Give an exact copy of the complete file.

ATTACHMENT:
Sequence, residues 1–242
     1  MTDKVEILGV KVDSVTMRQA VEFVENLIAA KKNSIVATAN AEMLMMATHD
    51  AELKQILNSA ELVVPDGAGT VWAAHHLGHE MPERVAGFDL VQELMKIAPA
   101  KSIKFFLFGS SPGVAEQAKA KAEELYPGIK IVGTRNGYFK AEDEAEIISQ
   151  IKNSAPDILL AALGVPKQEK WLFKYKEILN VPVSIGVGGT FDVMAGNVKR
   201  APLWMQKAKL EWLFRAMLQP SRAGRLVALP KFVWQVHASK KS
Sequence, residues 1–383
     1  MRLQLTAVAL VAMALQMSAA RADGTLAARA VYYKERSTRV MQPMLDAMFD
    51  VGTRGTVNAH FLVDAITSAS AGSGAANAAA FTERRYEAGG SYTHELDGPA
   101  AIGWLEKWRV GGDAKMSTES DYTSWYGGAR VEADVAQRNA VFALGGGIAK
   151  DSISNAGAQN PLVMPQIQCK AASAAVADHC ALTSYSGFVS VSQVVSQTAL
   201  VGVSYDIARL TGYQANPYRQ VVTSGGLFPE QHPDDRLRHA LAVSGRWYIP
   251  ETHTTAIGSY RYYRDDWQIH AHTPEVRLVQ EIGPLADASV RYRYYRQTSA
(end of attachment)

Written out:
Sequence, residues 1–242
     1  MTDKVEILGV KVDSVTMRQA VEFVENLIAA KKNSIVATAN AEMLMMATHD
    51  AELKQILNSA ELVVPDGAGT VWAAHHLGHE MPERVAGFDL VQELMKIAPA
   101  KSIKFFLFGS SPGVAEQAKA KAEELYPGIK IVGTRNGYFK AEDEAEIISQ
   151  IKNSAPDILL AALGVPKQEK WLFKYKEILN VPVSIGVGGT FDVMAGNVKR
   201  APLWMQKAKL EWLFRAMLQP SRAGRLVALP KFVWQVHASK KS
Sequence, residues 1–383
     1  MRLQLTAVAL VAMALQMSAA RADGTLAARA VYYKERSTRV MQPMLDAMFD
    51  VGTRGTVNAH FLVDAITSAS AGSGAANAAA FTERRYEAGG SYTHELDGPA
   101  AIGWLEKWRV GGDAKMSTES DYTSWYGGAR VEADVAQRNA VFALGGGIAK
   151  DSISNAGAQN PLVMPQIQCK AASAAVADHC ALTSYSGFVS VSQVVSQTAL
   201  VGVSYDIARL TGYQANPYRQ VVTSGGLFPE QHPDDRLRHA LAVSGRWYIP
   251  ETHTTAIGSY RYYRDDWQIH AHTPEVRLVQ EIGPLADASV RYRYYRQTSA